Saturday is Veterans Day, a federal holiday that commemorates and honors every veteran who has served and is serving in America's armed forces.

It has its roots in Armistice Day, the day when world leaders signed the documents to end World War I — at the 11th hour of the 11th day of the 11th month of 1918.

Many present-day ceremonies, including Saturday in downtown Bloomington, start at 10:49 a.m., 11 minutes before the actual anniversary. Veterans past and present — from the Revolutionary War to our present-day warriors, are honored and memorialized with speeches, prayers, pride and tears.

It hasn't always been that way.

Ask a Vietnam War veteran how he or she was welcomed home in the early 1970s, and you'll likely get a hard stare as those painful memories are dredged up. This year, Veterans Day recalls the centennial of the beginning of the first World War.

Few are left of the "greatest generation," those who served during World War II. Veterans of more recent wars, conflicts and peacetime service are gradually aging and finding themselves in need of help that can be provided through various veterans' organizations and the Veterans Administration.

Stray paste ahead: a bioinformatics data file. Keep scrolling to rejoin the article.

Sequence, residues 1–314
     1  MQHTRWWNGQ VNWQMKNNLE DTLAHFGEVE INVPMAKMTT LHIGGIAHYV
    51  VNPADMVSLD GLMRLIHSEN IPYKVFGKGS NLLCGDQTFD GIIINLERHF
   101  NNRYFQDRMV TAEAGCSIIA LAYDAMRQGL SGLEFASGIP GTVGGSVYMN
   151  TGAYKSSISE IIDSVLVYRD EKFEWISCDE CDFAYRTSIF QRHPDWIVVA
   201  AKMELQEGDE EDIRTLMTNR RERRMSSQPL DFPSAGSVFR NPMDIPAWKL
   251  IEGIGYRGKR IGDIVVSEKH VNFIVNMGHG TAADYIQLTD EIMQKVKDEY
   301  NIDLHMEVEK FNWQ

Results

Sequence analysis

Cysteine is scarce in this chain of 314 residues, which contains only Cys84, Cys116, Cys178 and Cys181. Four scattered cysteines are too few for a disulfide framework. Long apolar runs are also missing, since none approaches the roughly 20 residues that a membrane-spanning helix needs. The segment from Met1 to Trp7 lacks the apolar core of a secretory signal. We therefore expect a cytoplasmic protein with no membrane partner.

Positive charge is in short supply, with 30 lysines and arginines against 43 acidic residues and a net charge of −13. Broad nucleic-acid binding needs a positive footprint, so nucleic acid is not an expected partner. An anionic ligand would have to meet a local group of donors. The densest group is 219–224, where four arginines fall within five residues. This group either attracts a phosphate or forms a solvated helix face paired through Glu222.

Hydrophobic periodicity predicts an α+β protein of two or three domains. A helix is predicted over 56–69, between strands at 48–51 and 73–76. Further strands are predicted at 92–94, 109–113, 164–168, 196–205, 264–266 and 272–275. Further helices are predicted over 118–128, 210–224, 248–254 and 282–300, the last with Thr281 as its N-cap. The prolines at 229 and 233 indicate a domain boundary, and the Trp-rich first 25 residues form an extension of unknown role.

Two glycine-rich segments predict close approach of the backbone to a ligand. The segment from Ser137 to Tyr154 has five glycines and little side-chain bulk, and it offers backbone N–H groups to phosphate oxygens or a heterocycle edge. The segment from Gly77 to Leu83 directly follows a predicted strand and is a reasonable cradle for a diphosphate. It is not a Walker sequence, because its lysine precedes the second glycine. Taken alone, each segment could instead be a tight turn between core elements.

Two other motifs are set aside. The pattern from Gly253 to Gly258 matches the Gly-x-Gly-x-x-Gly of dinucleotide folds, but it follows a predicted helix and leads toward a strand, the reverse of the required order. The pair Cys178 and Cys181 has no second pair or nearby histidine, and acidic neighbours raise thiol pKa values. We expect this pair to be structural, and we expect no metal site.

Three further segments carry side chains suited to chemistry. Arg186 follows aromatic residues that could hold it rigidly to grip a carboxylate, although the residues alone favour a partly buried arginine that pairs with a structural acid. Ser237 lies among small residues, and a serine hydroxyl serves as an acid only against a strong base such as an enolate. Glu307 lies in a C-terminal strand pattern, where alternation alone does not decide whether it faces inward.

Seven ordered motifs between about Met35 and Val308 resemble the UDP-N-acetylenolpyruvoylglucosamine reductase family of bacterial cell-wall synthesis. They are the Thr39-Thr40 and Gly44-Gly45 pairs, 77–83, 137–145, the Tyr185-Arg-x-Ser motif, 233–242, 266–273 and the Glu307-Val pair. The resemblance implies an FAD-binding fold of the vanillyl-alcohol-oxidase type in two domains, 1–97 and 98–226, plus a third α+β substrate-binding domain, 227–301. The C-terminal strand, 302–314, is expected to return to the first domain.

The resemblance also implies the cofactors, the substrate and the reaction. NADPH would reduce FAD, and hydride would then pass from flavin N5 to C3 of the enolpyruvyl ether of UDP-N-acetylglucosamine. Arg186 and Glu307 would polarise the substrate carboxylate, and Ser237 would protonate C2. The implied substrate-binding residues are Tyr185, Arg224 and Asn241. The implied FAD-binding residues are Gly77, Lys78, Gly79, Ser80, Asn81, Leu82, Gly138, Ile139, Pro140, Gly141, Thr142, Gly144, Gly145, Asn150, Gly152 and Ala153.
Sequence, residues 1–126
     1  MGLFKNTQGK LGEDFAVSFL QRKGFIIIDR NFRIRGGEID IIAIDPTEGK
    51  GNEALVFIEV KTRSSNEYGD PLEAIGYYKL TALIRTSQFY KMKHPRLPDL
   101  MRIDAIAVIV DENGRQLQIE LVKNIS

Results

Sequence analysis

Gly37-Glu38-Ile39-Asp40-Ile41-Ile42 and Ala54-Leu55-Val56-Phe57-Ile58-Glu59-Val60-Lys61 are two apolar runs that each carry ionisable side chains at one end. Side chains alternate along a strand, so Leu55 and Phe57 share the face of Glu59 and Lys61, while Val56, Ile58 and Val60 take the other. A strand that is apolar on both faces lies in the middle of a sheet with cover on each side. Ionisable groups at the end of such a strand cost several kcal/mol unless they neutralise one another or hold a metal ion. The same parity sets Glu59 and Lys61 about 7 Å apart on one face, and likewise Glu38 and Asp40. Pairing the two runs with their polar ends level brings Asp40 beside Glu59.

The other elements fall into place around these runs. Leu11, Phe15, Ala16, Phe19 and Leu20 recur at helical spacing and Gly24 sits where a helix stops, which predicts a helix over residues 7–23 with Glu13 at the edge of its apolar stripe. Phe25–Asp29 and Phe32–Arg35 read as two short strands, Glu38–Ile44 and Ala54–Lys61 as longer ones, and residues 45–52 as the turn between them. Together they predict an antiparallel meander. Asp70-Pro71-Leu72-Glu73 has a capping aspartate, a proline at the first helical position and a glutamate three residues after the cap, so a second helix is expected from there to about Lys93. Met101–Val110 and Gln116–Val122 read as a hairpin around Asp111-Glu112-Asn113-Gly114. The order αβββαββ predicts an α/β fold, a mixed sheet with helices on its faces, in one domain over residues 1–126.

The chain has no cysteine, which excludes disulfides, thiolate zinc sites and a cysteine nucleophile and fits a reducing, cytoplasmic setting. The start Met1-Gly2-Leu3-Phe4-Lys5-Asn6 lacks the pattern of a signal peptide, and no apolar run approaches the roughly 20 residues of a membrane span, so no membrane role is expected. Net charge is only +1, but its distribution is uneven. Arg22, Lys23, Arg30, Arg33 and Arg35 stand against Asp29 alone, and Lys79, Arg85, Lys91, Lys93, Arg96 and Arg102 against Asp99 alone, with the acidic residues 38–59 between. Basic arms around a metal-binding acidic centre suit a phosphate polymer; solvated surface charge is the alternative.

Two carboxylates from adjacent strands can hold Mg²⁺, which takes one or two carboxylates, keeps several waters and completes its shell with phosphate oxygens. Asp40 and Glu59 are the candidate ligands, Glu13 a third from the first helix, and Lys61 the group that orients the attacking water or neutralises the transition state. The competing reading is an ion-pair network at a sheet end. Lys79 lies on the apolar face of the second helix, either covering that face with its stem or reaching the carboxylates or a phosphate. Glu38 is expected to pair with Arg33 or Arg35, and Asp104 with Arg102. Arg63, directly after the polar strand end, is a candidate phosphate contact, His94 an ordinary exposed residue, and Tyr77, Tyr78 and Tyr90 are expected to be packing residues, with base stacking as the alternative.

Providing that help is a weekly feature, called Veterans Corner, that appears each Monday in The Pantagraph. Coordinated by leaders of local veterans groups, the Q&A format provides quick and easy answers and shares benefit information with veterans and their families.

There are those who believe "veteran" is reserved for people who served in war time, and those who served on hostile ground. We prefer to use the designation to honor all who have served overseas and stateside, in war time and in peace.

Anyone who chooses to wear the uniform and bear arms to serve, protect and defend the United States is worth celebrating, thanking and remembering. We are proud to help give back through our partnership with local veterans' groups to provide Veterans Corner.

But Saturday, on Veterans Day, we ask that you consider attending a Veterans Day ceremony, observing a moment of silence at 11 a.m., shaking a hand of someone in uniform, or just paying silent tribute to those who have served and continue to serve our country.

Earlier this year, our communities mourned the death of Sgt. Josh Rodgers, 22, an Army Ranger who died in Nangarhar Province during a joint operation with Afghan forces. It was his third tour to Afghanistan.

His loss, and all those that came before him, remind us of the freedom protected by all veterans, past and present, who have served our nation.

On behalf of a grateful nation, we offer our heartfelt thanks to all those who have served and are serving in America's armed forces and to their families who selflessly support their efforts.